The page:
Former Mansfield Christian School Student Wins Confidential Settlement in Sexual Abuse Case

Mansfield, Ohio – A settlement has been reached in the case involving a former student of Mansfield Christian School who alleged she was groomed and sexually abused by a former assistant softball coach. The terms of the settlement remain confidential, according to attorney Kaela King of the Columbus law firm Cooper Elliott. Mariah Stearns, the plaintiff, filed a civil suit against Mansfield Christian School and Superintendent Cy Smith.

King expressed Mariah’s satisfaction with the outcome and commended her for speaking up. However, she declined to provide further comment. The defendants’ attorney, Craig Pelini, and Smith were unavailable for comment. The trial was scheduled to begin in Richland County Common Pleas Court before Judge Phil Naumoff.

Stearns attended Mansfield Christian School from 2010 to 2014. In her complaint, she stated that the sexual abuse began when she was 14 years old, and the assistant softball coach was 27. She accused the school and Superintendent Smith of neglecting their duty to protect her by failing to report, warn, or prevent the abusive relationship.

According to attorney Adam Richards, who represented Stearns, the defendants responded to the abuse allegations by shaming Mariah about her sexuality, rather than taking appropriate steps to address the situation. The complaint included four counts: negligence, breach of fiduciary duty, infliction of emotional distress, and punitive damages.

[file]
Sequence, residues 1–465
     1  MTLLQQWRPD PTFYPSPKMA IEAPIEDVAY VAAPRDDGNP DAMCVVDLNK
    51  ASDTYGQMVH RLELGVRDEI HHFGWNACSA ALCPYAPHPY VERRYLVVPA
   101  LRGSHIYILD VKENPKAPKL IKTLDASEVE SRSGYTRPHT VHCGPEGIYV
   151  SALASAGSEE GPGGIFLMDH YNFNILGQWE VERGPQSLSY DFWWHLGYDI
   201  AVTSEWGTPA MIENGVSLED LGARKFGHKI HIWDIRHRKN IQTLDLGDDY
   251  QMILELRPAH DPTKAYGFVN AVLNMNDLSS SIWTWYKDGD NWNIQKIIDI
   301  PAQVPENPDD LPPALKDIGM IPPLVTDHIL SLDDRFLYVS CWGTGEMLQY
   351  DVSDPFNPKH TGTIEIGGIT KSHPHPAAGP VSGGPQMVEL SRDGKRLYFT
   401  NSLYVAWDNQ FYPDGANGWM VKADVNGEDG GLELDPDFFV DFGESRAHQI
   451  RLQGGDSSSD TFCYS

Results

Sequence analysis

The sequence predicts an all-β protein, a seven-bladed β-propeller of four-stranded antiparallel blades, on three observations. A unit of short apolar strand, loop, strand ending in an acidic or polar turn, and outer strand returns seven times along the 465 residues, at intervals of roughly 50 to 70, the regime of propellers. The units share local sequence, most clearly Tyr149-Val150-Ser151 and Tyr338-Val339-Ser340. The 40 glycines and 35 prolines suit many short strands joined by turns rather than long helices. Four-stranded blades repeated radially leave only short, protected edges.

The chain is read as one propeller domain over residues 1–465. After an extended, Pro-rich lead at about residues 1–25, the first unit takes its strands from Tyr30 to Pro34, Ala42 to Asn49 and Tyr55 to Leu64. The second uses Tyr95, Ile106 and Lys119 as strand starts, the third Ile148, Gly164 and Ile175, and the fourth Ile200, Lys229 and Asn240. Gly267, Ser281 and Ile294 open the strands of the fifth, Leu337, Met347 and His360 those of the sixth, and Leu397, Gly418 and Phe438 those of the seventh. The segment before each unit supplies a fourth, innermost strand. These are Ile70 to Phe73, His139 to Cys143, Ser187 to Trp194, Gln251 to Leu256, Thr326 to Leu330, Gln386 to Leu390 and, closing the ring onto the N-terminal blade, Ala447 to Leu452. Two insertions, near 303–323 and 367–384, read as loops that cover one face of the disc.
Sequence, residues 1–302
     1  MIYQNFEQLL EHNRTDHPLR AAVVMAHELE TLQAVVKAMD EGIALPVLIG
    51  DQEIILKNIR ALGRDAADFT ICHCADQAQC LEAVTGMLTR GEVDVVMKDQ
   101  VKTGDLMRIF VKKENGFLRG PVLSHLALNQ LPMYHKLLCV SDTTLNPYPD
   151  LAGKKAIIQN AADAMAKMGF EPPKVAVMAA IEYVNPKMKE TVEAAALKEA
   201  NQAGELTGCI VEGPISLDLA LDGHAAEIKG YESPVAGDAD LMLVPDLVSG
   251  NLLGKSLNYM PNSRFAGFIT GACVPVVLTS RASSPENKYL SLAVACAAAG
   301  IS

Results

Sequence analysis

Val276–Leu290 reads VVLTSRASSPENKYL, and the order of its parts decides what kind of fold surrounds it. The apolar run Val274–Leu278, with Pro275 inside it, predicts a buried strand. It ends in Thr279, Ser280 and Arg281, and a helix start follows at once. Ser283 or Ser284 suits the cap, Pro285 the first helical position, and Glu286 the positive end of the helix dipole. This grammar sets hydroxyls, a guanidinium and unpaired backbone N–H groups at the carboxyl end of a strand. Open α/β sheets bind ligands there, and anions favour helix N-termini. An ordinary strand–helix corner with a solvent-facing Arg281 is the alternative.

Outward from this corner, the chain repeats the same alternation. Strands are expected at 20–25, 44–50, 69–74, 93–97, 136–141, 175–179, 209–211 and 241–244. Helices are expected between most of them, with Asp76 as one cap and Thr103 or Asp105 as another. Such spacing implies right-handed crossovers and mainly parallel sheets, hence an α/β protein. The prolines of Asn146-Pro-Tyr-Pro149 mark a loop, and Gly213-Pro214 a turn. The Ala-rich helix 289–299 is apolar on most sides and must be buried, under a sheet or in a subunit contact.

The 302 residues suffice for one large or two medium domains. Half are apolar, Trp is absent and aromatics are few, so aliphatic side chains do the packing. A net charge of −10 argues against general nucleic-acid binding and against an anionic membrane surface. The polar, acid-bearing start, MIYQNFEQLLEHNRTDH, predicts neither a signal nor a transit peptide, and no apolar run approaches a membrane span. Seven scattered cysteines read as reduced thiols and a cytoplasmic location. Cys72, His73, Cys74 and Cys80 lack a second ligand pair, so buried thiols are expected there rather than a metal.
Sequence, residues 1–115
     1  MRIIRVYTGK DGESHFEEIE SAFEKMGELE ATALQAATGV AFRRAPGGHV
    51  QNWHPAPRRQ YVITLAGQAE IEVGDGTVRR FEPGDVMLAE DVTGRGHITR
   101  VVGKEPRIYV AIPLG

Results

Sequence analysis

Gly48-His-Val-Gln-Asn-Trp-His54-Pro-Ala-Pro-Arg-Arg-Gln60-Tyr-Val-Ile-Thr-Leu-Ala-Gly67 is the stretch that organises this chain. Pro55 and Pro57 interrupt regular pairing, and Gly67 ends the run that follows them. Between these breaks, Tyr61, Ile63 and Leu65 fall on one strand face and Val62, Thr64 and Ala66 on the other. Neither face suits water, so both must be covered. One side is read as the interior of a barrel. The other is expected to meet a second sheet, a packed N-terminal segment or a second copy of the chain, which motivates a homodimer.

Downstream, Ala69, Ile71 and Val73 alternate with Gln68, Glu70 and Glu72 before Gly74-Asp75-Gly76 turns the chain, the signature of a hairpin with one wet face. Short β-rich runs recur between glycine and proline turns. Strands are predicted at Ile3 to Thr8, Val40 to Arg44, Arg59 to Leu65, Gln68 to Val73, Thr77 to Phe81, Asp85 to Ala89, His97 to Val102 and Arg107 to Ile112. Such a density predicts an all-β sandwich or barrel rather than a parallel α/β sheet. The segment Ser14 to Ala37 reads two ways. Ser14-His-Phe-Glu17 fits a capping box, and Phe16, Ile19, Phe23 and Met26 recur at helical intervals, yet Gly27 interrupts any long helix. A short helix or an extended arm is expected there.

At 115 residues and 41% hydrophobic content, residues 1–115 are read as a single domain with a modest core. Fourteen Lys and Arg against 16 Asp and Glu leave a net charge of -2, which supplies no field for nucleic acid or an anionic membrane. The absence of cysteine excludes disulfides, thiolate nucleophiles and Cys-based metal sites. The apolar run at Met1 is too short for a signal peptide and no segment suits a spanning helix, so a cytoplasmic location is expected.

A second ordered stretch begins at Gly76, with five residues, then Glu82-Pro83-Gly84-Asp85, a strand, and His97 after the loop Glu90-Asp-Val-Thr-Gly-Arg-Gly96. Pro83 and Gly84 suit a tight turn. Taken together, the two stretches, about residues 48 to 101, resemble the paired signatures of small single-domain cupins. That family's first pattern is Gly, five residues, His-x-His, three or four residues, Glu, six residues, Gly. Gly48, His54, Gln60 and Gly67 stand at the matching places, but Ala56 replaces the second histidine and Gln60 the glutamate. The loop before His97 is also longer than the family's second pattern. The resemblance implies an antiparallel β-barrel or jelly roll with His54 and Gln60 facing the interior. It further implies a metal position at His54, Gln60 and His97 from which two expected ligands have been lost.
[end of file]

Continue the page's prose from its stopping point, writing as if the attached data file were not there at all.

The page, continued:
The complaint also highlighted the ongoing struggles Stearns faces as a result of the abuse. She requires extensive treatment, and her wife dedicates her time to care for her. Richards argued that the school administration, including Smith, was aware of the inappropriate relationship but failed to take appropriate action.

The complaint stated that the coach took advantage of Stearns’ difficult home life to establish a close relationship with her. Despite the school’s policy prohibiting students and coaches from being alone together, several Mansfield Christian personnel were aware that Stearns and the coach often drove alone together without intervening.

Stearns developed an unhealthy attachment to the coach, confiding in her and spending increasing amounts of time together. The complaint alleged that multiple instances of sexual encounters occurred between them, and further misconduct took place during team sleepovers where they would sleep together in the same bed.

Richards emphasized that Stearns was trapped in the relationship due to fear of consequences such as being kicked off the softball team or expelled from the school. The abuse lasted for three and a half years.

Due to the defendants’ duty to protect students, Naumoff, the judge, ruled that any suspected grooming behavior leading to sexual abuse should be immediately reported to safeguard potential victims. The defendants argued that Smith acted reasonably and that the damages sought by Stearns were not reasonably foreseeable. However, Naumoff overruled their motion for summary judgment.

In his ruling, Naumoff emphasized that the school and Smith had a legal obligation to protect not only Stearns but also other students. The judge found that there was evidence to support the claim that the defendants behaved outrageously and exhibited a conscious disregard for Mariah’s rights and safety.

The emotional and psychological impacts of the abuse continue to affect Mariah, leading to depression, anxiety, and panic attacks. She attends weekly therapy sessions and relies on prescription medications to cope with emotional difficulties. The settlement’s details are undisclosed, but the resolution of the case provides some closure for Mariah Stearns in her pursuit of justice.

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